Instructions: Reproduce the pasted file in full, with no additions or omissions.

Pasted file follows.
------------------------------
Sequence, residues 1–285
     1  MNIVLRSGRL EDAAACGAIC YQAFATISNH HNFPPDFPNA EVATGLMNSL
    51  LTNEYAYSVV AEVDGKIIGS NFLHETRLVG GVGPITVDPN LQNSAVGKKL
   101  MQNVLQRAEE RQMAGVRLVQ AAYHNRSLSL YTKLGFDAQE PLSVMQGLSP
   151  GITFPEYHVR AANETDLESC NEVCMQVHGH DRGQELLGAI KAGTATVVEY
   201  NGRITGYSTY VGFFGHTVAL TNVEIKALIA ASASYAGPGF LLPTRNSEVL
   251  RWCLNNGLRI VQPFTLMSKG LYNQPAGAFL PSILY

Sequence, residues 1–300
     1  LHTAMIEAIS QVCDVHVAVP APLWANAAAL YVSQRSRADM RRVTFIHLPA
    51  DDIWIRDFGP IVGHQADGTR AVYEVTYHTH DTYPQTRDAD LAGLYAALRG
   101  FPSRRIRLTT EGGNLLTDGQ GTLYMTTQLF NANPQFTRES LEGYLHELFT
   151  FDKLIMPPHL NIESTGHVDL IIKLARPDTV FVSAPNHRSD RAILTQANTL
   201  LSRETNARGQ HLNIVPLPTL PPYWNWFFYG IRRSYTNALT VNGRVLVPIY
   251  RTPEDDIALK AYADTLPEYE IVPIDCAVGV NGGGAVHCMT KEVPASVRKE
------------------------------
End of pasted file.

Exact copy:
Sequence, residues 1–285
     1  MNIVLRSGRL EDAAACGAIC YQAFATISNH HNFPPDFPNA EVATGLMNSL
    51  LTNEYAYSVV AEVDGKIIGS NFLHETRLVG GVGPITVDPN LQNSAVGKKL
   101  MQNVLQRAEE RQMAGVRLVQ AAYHNRSLSL YTKLGFDAQE PLSVMQGLSP
   151  GITFPEYHVR AANETDLESC NEVCMQVHGH DRGQELLGAI KAGTATVVEY
   201  NGRITGYSTY VGFFGHTVAL TNVEIKALIA ASASYAGPGF LLPTRNSEVL
   251  RWCLNNGLRI VQPFTLMSKG LYNQPAGAFL PSILY

Sequence, residues 1–300
     1  LHTAMIEAIS QVCDVHVAVP APLWANAAAL YVSQRSRADM RRVTFIHLPA
    51  DDIWIRDFGP IVGHQADGTR AVYEVTYHTH DTYPQTRDAD LAGLYAALRG
   101  FPSRRIRLTT EGGNLLTDGQ GTLYMTTQLF NANPQFTRES LEGYLHELFT
   151  FDKLIMPPHL NIESTGHVDL IIKLARPDTV FVSAPNHRSD RAILTQANTL
   201  LSRETNARGQ HLNIVPLPTL PPYWNWFFYG IRRSYTNALT VNGRVLVPIY
   251  RTPEDDIALK AYADTLPEYE IVPIDCAVGV NGGGAVHCMT KEVPASVRKE